Read 500 pages like this every day. That’s how knowledge works. It builds up, like compound interest. All of you can do it, but I guarantee not many of you will…
When I first found this quote of Buffett’s two years ago, something was wrong.
It was Dec. 2014. I’d found my dream job. Some days, I would be there, sitting at my dream job, and I would think, “My god what if I’m still here in 40 years? I don’t want to die like this…”
Something wasn’t right. I’d followed the prescription. Good grades. Leadership. Recommendations. College. Dream Job. I was a winner. I’d finished the race. Here I was in the land of dreams. But something was terribly, terribly wrong.
Every day, from my dream job desk, I looked out into their eyes. Empty, empty eyes.
There were no answers.
In January of 2015, I found Buffett’s quote. I decided to read. I was going to read and read and read and never stop until I got some damn answers.
I didn’t quite make 500 pages a day, but, in these last two years, I’ve read over 400 books cover to cover. That decision to start reading was one of the most important decisions in my life.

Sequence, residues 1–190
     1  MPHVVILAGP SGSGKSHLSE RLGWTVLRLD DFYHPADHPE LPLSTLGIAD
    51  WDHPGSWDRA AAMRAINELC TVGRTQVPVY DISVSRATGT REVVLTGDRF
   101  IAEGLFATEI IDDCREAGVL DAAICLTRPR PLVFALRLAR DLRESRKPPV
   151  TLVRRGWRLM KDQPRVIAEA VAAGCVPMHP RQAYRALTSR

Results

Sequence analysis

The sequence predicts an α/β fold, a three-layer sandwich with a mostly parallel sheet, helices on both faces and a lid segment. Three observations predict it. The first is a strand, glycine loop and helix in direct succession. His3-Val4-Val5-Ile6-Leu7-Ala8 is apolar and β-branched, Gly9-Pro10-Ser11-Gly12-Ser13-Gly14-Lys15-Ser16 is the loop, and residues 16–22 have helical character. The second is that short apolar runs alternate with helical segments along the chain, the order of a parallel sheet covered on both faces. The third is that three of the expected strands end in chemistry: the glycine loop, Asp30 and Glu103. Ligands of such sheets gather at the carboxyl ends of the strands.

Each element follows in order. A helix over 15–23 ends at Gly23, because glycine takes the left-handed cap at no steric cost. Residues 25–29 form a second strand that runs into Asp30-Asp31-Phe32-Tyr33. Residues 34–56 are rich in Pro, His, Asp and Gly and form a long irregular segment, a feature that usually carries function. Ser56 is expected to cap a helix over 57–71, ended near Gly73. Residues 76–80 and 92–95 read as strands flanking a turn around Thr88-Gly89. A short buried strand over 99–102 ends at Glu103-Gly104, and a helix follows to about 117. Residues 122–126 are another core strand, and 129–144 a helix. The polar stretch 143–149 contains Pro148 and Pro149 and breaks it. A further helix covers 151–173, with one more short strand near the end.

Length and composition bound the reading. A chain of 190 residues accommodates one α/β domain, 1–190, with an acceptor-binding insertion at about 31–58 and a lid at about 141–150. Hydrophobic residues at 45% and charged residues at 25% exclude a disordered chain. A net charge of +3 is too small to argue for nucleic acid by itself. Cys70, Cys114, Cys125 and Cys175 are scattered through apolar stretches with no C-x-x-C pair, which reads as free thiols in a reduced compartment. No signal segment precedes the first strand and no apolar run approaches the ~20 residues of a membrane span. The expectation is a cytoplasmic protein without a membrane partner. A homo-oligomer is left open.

Books gave me the courage to travel. Books gave me the conviction to quit my job. Books gave me role models and heroes and meaning in a world where I had none.
I want to say reading 200 books a year is an amazing thing. But the truth is, it’s not. Anybody can do it.
All it takes is some simple math and the right tools.
1. Do not quit before you start
When average Joe hears the advice “Read 500 pages like this every day,” his snap reaction is to say, “No way! That’s impossible!”
Joe will then go on to make up reasons to justify his belief without doing any deep thinking at all. These might include “I’m too busy,” “I’m not smart enough,” or “Books just aren’t for me.”
But what if we go a little deeper? For example, what does it actually take to read 200 books a year? Two years ago, I stopped to do the simple math. Here’s what I found: Reading 200 books a year isn’t hard at all.
It’s just like Buffett says. Anyone can do it, but most people won’t.
2. Do the simple math
How much time does it take to read 200 books a year?
First, let’s look at two quick statistics: